A reflective and supportive space for coaches, counsellors and dual practitioners.

I offer one to one supervision, usually on a monthly basis. We can meet at my premises near Market Harborough, or online via the Zoom platform. Some people prefer a mixed model in which some sessions are face to face and others online.

Scroll down to see my philosophy of supervision.

My philosophy of supervision

What is supervision? There are probably as many answers to this question as there are practitioners. I have tried to capture here my own answer to the question.

Normative, formative, restorative

One framework that I find valuable is Inskipp and Proctor's (1995) 'triangle' model. This suggests that effective supervision comprises three key functions: normative, formative and restorative. The normative function is concerned with ethical practice and monitoring the work to ensure it is in line with professional standards (for me the BACP Ethical Framework) and legal requirements. This function of course encompasses a wide range of issues, from professional competence to boundary management and GDPR.

The formative function is concerned with the learning and development of the supervisee, including skills, knowledge, abilities and personal qualities. The restorative (or supportive) function relates to that aspect of the supervisory relationship that allows the supervisee to feel heard and supported, part of a collaboration in which issues can be safely raised and successes joyfully celebrated.

For me, the last of these is the starting point. Supervision should not feel like an inquisition or an exam. It is a collaborative process in which you need to feel able to explore your thoughts and feelings about your client work, without fear of a judgemental response. We need to pay significant attention to your own wellbeing - you are after all the one that is in the room with your clients. In this environment, learning can flourish. Learning and development is likely to come more from your experience and conclusions from collaborative reflection than from me giving instructions as to what to do. Finally, the normative function can only be effective if you feel able to tell me what is happening in your client work. Ethical issues do arise, and it is essential that we can talk about them. Usually they are complex and nuanced, and we will explore the balance of the six principles of the Ethical Framework to arrive at a way forward. Rarely a supervisee will act in a way that is contrary to the requirements of the Framework, and in this situation clarity is important - I will be clear as to what the issue is, and the options we have.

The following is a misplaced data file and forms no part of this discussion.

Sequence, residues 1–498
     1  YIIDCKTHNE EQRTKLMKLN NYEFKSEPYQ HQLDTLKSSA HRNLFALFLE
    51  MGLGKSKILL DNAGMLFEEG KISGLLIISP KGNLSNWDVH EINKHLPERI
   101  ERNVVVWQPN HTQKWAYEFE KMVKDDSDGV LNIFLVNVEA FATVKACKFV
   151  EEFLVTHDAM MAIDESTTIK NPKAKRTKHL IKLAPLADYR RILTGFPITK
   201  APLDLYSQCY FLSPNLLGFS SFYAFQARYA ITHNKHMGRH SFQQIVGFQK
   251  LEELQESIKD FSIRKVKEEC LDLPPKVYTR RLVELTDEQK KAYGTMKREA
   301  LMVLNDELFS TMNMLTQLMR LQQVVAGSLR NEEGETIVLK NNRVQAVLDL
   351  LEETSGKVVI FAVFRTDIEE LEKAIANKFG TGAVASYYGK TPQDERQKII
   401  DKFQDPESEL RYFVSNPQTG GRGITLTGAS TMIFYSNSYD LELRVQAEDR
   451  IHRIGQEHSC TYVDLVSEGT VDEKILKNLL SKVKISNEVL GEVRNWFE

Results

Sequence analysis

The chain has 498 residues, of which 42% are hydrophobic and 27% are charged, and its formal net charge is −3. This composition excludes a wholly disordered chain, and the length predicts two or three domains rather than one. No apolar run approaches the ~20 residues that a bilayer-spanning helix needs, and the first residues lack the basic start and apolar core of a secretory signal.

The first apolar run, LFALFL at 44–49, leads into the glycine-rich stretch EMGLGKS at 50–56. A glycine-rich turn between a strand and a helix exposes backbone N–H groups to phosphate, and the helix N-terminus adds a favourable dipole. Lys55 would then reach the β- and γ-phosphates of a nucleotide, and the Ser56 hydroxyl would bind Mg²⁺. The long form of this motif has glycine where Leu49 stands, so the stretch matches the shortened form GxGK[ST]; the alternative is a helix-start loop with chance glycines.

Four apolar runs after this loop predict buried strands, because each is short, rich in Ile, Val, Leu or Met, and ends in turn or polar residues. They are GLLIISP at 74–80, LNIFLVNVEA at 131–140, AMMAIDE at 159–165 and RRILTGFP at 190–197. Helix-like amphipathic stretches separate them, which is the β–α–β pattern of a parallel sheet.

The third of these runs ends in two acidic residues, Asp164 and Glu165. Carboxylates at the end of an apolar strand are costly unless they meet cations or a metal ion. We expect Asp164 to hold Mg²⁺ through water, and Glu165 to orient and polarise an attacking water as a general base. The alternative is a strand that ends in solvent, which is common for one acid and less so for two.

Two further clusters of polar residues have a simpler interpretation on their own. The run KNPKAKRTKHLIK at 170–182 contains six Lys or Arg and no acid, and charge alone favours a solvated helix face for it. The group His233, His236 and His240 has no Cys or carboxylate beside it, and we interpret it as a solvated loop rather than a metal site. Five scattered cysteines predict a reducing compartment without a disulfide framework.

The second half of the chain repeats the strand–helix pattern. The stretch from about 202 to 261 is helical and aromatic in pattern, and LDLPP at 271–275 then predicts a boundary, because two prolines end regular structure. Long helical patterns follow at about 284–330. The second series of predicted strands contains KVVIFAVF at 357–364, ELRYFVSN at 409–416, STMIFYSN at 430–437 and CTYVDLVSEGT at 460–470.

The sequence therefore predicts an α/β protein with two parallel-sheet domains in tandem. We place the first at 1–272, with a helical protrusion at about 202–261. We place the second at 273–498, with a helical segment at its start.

My personal beliefs and values

Whilst the Innskip and Proctor framework is valuable, not least in helping is to ensure we are paying attention to each of the three functions in our supervision, for me it does not quite capture the whole. I agree with Carroll (2014) that the relational foundation of supervision is key - this accords with my own beliefs, values and experience of the conditions in which people do their best work. Just as with our clients, there needs to be a relationship of trust, and part of my role is to create the conditions in which trust can flourish.

I see supervision as essentially a process of learning through collaborative reflection. This mode of learning can be ultimately transformative, rather than being just about the exchange of knowledge and the acquisition of skills. The goal of supervision is to support the development of ethical maturity, wisdom and the practitioner's own 'internal supervisor'.

The request from me to you is simple but profound: 'Tell me about your work. Be transparent. Let us review it together'.

Get in touch

Feel free to contact me using this form if you have any questions about how we might work together. We can discuss the reasons you are thinking of coming to me, whether it could be helpful for you and whether I am the right person to help.

You can also contact me by phone 07976 419793 or email at

All enquiries are usually answered within 48 hours, and all contact is strictly confidential. Find out more by reading my Privacy Policy.

Some frequently asked questions

What's the difference between counselling and therapy?